When was the first time you actually heard of this thing called Linux?

Back in 1997, I guy I worked with had Red Hat on a mountain of floppies. Never actually got it going, but was interested that it existed. I'd used Unix for a number of years at work.

Do you or have you ever used Linux? If yes, for how long?

At home, full time since May 2007.

What was the first Linux distro you used?

PClinuxOS 2007.

How was your first time Linux experience?

Actually very good. I set PCLOS up as dual-boot with Windows on my laptop, then after about a month, realised I'd used Linux for everything, and Windows hadn't been started in that time.

Do you agree that Linux can efficiently do all the daily computing tasks that an average user would do?

It does for me. Mind you, I'm not a gamer, and never have been.

What's your favourite Gnome Linux distro and why?

Ubuntu. It seems to be a very easy to use implementation.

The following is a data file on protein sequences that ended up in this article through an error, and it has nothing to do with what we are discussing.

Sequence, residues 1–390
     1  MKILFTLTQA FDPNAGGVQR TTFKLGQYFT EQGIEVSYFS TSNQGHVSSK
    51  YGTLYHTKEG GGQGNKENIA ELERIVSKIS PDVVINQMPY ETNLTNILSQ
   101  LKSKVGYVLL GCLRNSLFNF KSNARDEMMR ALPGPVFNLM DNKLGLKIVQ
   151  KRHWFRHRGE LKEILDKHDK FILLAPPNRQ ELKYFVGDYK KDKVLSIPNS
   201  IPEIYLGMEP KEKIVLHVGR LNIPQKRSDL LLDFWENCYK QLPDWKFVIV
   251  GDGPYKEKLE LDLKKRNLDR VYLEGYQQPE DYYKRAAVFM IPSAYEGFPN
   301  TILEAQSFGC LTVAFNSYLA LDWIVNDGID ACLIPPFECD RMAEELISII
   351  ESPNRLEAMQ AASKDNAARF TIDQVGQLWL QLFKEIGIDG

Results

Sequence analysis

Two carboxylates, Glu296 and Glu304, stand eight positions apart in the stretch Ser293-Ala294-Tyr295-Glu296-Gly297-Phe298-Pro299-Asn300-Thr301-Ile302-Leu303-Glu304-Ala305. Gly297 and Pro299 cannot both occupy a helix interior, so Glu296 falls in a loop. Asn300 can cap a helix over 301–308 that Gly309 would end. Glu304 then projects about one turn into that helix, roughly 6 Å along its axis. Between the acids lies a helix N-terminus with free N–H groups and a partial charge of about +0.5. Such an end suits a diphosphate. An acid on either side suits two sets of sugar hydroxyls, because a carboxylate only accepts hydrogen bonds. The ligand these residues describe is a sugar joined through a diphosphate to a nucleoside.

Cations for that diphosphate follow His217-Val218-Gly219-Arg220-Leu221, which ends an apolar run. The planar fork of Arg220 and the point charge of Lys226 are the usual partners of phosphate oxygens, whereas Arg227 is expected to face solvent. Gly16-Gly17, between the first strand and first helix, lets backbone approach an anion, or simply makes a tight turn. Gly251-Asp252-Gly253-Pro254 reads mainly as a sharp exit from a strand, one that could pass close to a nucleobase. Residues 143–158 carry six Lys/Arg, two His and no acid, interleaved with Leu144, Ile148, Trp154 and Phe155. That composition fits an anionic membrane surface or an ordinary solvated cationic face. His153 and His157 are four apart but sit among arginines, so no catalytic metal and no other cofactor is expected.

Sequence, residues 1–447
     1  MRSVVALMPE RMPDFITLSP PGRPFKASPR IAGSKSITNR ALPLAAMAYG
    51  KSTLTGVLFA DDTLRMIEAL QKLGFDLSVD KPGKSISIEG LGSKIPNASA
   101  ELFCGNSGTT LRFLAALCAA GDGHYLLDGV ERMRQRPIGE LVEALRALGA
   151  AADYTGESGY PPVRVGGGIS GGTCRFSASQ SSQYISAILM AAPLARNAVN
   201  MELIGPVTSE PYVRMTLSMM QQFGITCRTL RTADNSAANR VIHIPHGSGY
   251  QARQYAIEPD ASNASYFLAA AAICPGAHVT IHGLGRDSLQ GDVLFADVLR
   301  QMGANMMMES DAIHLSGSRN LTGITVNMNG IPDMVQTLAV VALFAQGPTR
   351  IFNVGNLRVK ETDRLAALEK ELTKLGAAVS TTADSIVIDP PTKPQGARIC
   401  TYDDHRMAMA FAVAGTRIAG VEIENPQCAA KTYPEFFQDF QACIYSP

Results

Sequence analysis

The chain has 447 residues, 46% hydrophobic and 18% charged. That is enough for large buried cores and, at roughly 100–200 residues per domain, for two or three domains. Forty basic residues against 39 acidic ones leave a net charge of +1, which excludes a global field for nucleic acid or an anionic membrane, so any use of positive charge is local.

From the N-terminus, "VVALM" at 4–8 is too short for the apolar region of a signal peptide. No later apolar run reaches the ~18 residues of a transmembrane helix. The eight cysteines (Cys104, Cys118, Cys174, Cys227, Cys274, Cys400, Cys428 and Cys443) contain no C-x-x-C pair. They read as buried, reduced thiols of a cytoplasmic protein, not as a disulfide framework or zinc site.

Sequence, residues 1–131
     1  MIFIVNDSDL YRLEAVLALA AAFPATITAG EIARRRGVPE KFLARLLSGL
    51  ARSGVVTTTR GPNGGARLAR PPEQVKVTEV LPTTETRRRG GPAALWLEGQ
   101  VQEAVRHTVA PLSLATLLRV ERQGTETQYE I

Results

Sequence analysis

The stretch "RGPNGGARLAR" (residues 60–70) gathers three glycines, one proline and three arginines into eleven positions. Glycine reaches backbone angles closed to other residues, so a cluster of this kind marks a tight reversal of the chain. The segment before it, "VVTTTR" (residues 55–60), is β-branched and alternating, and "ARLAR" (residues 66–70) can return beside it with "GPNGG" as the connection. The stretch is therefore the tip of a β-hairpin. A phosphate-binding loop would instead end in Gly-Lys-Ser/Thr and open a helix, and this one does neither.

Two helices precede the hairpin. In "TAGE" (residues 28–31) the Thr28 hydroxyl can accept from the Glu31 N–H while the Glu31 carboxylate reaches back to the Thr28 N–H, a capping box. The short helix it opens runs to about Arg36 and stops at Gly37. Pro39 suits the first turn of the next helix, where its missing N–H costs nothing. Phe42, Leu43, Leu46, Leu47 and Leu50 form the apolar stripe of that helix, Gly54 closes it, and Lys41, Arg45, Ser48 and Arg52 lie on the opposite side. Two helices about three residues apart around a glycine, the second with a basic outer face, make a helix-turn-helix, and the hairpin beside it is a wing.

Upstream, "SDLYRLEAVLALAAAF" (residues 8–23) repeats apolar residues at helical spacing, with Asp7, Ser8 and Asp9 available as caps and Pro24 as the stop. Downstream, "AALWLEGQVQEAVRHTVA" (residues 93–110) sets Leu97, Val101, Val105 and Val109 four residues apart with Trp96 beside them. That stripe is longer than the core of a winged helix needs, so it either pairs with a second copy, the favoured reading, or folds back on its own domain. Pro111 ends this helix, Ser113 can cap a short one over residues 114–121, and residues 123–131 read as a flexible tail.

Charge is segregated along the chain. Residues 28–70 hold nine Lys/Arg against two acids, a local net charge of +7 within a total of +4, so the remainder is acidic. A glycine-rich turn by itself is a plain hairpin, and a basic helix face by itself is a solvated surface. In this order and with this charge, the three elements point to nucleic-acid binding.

What's your favourite KDE Linux distro and why?

Still PCLinuxOS - it just seems to be more efficient and use less resources than other KDE implementations.

What Linux desktop environment do you like?

Probably Gnome. I'm still trying to get used to KDE4. For a lightweight implementation, I've also used Xfce and quite like it too.

Linux is for a. Pros b. Noobs c. Both

c. Both. With modern Linux distributions, you can be as geeky as you want, or not if you don't want.

what are some of the things that Linux gives you that other OS's dont?

Well, it doesn't give me viruses, spyware, updates that continually require reboots, etc. It doesn't take ages to start up and shut down, doesn't need endless maintenance for scanning, defragging, etc. I just get to use the computer.

What is/are some of your favourite Linux application(s)?

Totem, VLC, Firefox, Chromium, Audacity, K3B, Amarok, etc.

What are some of the things you would like to see improved in Linux?

My biggest disappointment has been the level of regression introduced with some new releases. I know that testing and fixing bugs is boring compared to introducing cool new features, but it is annoying to find that the flashy new version is broken in some fairly obvious ways. I would like to see the underlying stability have more priority. It's hard to encourage someone to use something, and then have to explain to them that 'xyz' feature is broken, but hopefully it'll be fixed again soon.

If those things are fixed, would you switch to Linux (assuming you don't use Linux as your primary OS)?

I already do, and that's not likely to change.